3 Categories of Yogic Meditation
There are three general categories of yogic meditation and awareness practices that can be combined to form a comprehensive yoga routine. The first category may be referred to as the mind-body practices, and hatha yoga is included in this class of meditations. The second kind of yogic meditations are the subtle energy practices and these include pranayama, visualizations, and mantras. The final style of meditation involves self-inquiry, jnana yoga, and satsang. The remainder of this article will discuss each of these types of awareness practices in greater detail.
The Mind-Body Practices
Characteristic of these types of practices are conscious moving routines that bring the mind and body into a state of unity. Moving the body in a state of deliberate attention and awareness allows the mind to be concentrated and to enter into a meditative state. Hatha yoga is the most popular form of mind-body practices, but in the whole field of the yogic traditions we also find moving meditations in kundalini, kriya, and the tantric arts.
The moving meditations are great for beginners in yoga and meditation because the movements give the mind something to focus on. When done in a rhythmic routine, the mind is able to settle itself through the movements and therefore enter into a meditative state. Since a common theme in all moving meditations is returning to the natural state of mind-body unity, a great amount of benefit and peacefulness can be found through these practices.
The Subtle Energy Practices
In these practices the focus is on the subtle energy (prana) and techniques such as pranayama (breath control), chanting mantras, and visualizations are all working with subtle energy. In these forms moving the body is not required and often these practices will be done while sitting still. Since the breath is a subtle form of energy that we cannot see, but has a profound affect of our lives and state of awareness, pranayama is one of the main forms of this class of meditation techniques. Characteristic of many forms of pranayama are building, strengthening, or moving internal energy with the breath. When these methods are mastered deeper and more prolonged meditative states may be experienced.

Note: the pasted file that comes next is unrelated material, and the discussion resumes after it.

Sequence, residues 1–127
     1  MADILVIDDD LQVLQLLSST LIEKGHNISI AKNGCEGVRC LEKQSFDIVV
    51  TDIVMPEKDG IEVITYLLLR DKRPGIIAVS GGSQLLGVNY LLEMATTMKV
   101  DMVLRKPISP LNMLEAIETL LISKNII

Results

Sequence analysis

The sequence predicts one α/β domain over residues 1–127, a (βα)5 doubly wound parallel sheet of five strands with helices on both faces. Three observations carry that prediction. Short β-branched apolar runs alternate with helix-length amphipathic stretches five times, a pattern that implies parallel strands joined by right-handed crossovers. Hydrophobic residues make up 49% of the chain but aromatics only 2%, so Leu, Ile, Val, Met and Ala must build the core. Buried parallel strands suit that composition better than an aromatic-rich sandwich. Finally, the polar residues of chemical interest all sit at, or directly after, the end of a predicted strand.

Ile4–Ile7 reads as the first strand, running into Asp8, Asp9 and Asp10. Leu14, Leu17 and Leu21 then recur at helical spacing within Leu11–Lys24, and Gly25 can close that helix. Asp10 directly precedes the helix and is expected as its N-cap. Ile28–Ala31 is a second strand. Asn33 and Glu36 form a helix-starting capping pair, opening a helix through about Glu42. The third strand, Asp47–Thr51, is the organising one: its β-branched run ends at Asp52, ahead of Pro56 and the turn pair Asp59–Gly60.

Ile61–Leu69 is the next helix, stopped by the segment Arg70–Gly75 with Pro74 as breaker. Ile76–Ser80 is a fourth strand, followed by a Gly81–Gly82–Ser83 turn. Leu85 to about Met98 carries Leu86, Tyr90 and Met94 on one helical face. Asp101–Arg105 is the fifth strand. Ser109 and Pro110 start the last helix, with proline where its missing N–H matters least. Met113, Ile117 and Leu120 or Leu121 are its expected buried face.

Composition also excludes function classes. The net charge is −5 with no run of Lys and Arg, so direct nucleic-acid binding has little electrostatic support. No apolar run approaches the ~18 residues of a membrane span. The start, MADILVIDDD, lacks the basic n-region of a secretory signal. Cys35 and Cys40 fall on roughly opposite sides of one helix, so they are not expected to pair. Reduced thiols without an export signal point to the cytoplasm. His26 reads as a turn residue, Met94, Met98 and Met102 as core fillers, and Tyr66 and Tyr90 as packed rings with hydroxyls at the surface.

The Causal Practices and Jnana Yoga
These types of exercises are in some way the most profound forms of awareness practices, simply because they have the direct ability to cut through the illusions of mind that prevent us from abiding in our True Nature as Radiant Consciousness. Practices such as jnana yoga, self-inquiry, and satsang bring into question the limited identities that we have about ourselves as ego consciousness. Through questioning the assumptions of the ego mind, these techniques assist us in observing that we are more than the limited states of ego consciousness that manifests as self-contracted thoughts and emotions. In these systems of practice there is an underlying belief that the True Self is always present and accessible at any time. If we accept that one’s Buddha Nature is ever-present, we then need to ask the question, “What is it, that is now preventing you from the direct realization of your ever-present Buddha nature?”
Please reflect on this before continuing to read.
The question just asked is a simple demonstration of how these methods work to shed the mind of whatever is preventing one from residing in the liberated state -Now. Often when I ask this question in my classes people will go silent for some time and the whole energetic feeling of the room will change to one of deep silence, stillness, and spaciousness.
When I do get an answer to the question, “What is it, that is now preventing you from the direct realization of your ever-present Buddha nature,” I will often hear responses like thought, emotions and mind. When a response is given to the question it provides insight into what is occupying the mind and preventing one from Self-Realization – Now.
From the answers that arise from these types of questions, one may learn to deconstruct, dis-identify from, and observe the self-contracted illusions of ego consciousness.
While yoga has gained much popularity in the West, it amazes me that so much attention goes to hatha yoga. In a typical yoga class, most of what is taught is hatha, with brief sprinklings of pranayama and meditation. Perhaps the reason for this is that the mind-body practices are most accessible to beginners and provide a convenient vehicle for exercise, relaxation, and stress-relief. However, if we want to deepen our practice and improve our overall level of happiness and joy, the other two categories of yogic meditation deserve our attention as well.